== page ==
Slouched deep in a swivel chair, knees bouncing up and down and hands gesticulating excitedly, Michael Pettis can’t contain his enthusiasm over “an explosion of creativity” in China’s underground rock music scene.
Carsick Cars, the best-known band on Pettis’s music label Maybe Mars, has just won a semi-official award for exporting culture while another, Chui Wan, has seen a CD break into the top 200 at CMJ, the chart for American college radio stations.
“Beijing’s music scene is a good sign that right now there is an atmosphere, at least in some of the great cities, in which young Chinese find it rewarding and exciting to be creative,” said Pettis, who is also professor of finance at the Guanghua School of Management at Peking University. “It proves wrong those people, both foreign and Chinese, who do not have confidence in the ability of young Chinese to be innovative.”
The creative explosion is all the more remarkable given it has coincided with President Xi Jinping’s crackdown on the Internet, jailing of famous bloggers and new punishments for defamatory social-media posts. The fact that a top Chinese band can now tour 40 cities instead of 10 half a dozen years ago is a bright spot against an otherwise gloomy backdrop of sliding economic growth, which Pettis ascribes to excessive debt.
“A part of China is becoming educated, urban, middle class,” says Pettis, former head of emerging markets at Bear Stearns Cos in New York. “It’s still small, but it’s growing very, very quickly.”
Carsick Cars also sells out downtown clubs in Manhattan and Brooklyn and has toured Europe with Sonic Youth, one of the world’s best known underground bands. The band’s leader, Zhang Shouwang, was mentioned in “The Rest is Noise. Listening to the 20th Century,” a book by Alex Ross, the New Yorker’s music critic.
Pettis, in his mid-fifties, observes China’s rapidly evolving economic and social scene from a unique perch, frequently ensconced in the top floor of his rabbit warren-like office above his bar, XP, in Beijing’s scenic Houhai district. Aside from bringing fame to Chinese musicians, he’s a prolific blogger, commentator and speaker on the global financial conferences circuit. He also chairs a shadow central bank committee made up of his students at Peking University.
He’s best known for his downbeat and prescient assessments of China’s economy. Pettis started warning that China was seeing unsustainable growth in debt in about 2006 to 2007, he recalls, when he likened the nation’s growth model to one described by Russian-born economist Alexander Gerschenkron.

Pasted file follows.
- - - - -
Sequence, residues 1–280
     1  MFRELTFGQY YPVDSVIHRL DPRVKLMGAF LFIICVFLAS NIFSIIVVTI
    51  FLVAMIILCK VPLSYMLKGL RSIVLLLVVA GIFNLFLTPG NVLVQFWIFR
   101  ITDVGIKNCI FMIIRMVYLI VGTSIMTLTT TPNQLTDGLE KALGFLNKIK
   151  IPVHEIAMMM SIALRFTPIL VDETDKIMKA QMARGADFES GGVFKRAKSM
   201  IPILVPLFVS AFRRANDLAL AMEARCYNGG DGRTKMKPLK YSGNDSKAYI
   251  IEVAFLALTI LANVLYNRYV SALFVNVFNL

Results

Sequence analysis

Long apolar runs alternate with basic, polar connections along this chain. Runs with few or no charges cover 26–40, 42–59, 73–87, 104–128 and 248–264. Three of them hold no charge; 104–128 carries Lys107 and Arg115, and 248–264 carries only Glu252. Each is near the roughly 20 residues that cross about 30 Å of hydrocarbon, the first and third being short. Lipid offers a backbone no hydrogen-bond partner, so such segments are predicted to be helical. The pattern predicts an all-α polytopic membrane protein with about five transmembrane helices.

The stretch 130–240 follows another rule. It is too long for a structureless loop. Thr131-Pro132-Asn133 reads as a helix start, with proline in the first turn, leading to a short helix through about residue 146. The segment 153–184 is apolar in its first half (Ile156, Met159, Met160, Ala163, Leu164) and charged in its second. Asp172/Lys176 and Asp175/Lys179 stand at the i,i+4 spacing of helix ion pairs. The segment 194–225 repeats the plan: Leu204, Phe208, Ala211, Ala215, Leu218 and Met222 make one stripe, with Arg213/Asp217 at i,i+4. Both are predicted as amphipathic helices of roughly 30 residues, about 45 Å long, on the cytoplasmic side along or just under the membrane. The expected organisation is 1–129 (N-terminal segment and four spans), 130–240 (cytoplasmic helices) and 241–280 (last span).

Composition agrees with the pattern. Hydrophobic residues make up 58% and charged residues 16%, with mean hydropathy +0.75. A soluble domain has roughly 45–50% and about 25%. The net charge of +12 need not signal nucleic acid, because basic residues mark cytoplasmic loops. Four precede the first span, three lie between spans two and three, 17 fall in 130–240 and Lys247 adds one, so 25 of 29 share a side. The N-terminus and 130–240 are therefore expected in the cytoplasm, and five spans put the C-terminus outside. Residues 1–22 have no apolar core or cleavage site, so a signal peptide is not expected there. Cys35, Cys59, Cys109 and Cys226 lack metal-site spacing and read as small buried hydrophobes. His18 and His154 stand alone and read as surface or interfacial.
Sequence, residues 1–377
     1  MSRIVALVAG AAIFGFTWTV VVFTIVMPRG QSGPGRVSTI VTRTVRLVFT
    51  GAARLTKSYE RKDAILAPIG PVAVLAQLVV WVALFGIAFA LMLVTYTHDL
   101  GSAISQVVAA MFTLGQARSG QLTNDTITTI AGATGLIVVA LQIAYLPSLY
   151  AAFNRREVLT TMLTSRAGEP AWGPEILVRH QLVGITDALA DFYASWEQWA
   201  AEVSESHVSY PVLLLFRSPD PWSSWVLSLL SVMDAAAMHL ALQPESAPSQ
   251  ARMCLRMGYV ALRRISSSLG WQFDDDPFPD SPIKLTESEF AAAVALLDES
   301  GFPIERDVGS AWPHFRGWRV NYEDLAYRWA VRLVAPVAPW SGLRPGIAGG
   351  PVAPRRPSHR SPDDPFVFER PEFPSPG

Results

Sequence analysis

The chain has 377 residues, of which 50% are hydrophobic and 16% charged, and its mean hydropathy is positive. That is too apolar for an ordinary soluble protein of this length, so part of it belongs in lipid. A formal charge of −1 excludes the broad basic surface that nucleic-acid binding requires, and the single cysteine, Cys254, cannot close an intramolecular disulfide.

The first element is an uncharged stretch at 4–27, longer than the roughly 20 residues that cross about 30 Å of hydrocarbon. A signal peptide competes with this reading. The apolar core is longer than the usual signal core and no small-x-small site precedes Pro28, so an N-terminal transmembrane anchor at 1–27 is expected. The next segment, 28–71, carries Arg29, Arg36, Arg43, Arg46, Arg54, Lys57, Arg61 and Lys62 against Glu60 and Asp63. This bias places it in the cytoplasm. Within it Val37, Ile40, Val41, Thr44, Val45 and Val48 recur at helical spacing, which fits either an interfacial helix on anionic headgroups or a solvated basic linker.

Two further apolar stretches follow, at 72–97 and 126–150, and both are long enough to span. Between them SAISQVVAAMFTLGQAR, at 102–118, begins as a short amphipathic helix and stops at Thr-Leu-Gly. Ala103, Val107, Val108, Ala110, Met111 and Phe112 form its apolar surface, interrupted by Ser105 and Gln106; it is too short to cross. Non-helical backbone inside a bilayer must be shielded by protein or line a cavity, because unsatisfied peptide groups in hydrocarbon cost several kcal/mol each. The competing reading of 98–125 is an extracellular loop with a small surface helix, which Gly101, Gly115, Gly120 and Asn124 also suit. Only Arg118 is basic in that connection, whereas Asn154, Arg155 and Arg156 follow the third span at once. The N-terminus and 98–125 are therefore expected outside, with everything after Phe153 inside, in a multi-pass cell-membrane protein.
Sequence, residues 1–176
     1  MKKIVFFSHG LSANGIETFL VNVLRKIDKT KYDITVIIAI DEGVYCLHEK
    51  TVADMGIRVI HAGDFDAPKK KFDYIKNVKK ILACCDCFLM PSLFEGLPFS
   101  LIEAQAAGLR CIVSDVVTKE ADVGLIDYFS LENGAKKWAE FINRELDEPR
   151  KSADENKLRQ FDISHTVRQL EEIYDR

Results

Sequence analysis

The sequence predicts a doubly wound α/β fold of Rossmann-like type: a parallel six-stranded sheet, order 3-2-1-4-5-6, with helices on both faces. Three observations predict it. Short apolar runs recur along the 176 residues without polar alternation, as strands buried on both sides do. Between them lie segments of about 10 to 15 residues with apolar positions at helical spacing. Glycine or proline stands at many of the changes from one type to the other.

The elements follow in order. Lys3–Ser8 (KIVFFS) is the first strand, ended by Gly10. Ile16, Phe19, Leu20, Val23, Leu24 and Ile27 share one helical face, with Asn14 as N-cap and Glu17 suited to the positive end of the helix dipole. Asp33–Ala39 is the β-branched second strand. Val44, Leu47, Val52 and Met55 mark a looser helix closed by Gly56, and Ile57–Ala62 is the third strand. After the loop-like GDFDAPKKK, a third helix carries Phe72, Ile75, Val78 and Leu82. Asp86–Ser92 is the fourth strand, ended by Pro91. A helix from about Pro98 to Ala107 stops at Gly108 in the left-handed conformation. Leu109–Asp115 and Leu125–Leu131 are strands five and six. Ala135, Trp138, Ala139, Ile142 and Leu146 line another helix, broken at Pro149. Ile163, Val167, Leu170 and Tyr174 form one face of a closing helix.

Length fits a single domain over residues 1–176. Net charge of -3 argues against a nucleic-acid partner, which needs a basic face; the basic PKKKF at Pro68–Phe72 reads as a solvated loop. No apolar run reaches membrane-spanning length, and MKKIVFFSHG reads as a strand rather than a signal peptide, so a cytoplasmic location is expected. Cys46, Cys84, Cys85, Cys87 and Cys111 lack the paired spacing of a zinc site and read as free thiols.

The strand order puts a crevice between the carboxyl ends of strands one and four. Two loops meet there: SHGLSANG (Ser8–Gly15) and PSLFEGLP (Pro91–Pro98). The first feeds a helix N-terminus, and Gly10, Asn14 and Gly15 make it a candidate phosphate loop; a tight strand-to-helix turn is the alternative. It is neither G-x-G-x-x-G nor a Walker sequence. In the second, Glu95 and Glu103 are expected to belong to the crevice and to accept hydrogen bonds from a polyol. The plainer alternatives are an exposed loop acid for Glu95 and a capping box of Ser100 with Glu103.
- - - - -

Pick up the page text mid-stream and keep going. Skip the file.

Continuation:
Gerschenkron compared western Europe with later industrializers in Eastern Europe and Russia. For development latecomers, he found that state intervention could compensate for inadequate capital and entrepreneurship. The more backward a nation is at the start of development, the more likely it will experience rapid growth rates, according to his 1951 essay “Economic Backwardness in Historical Perspective.”
Pettis calls China’s growth model “Gerschenkron on steroids” and sees it heading for an inevitable collision –- traumatic if credit-fueled growth continues unabated for long enough -- with debt capacity constraints.
“Every time we are in one of these growth miracle periods it tends to generate expectations that during the adjustment period all get dashed,” said Pettis. “I suspect we are just replaying that game.”
He sees growth averaging 3 to 4 percent annually as the “upper limit” achievable under the term of President Xi, expected to end in 2022, as the debt accumulated from a lending binge after the global financial crisis drags down expansion.
“He was the first I recall to insist that rebalancing away from investment would necessarily entail lower growth,” said George Magnus, a senior independent economic adviser to UBS Group AG in London. “He’s always reminded us that just because the Chinese financial system is state owned and that a Lehman moment was therefore nonsense, didn’t mean China would escape the tyranny of having to pay for bad debts.”
Pettis’s teaching assistant, Yang Hao, says when he first encountered him about three years ago he was surprised by his professor’s downbeat assessment of China’s economic outlook. After about one semester though he began shifting his viewpoint.
“Objectively it looks like he’s right,” said Yang, a Ph.D. student who is writing a thesis on state-enterprise reform. “I just hope that things will turn out better than everybody expects.”
Pettis’s bearish calls seem more prophetic than ever. Economic growth this year is headed for the slowest pace since 1990 as the debt burden puts a brake on expansion.
Still, his bands are going from strength to strength. Another of Maybe Mars’s top names, Snapline, held a supposedly private show for friends at XP in April and packed in 200 people with a similar number turned away, said Pettis. It’s planning a tour of Europe in the fall and a new album should be completed by the end of the year, says lead singer Chen Xi.
“When we first started Snapline there was nobody who wanted to sign us and few places we could play,” said Chen, a 32-year-old who by day works as a program manager for Microsoft Corp. in Beijing. “He built the environment in which Chinese bands can grow and he introduced these Chinese bands to the world music industry globally.”
For a China striving to shift its economy up the value added curve, making more innovative products like iPhones instead of cheap shoes and T-shirts, the burgeoning rock scene is an encouragement.
“It probably isn’t an accident that nearly every city in the world with a reputation as an important center for high tech innovation is also an important center of cultural innovation, and is as crowded with young computer scientists as it is with young artists and musicians, ‘‘ he says.
— With assistance by Kevin Hamlin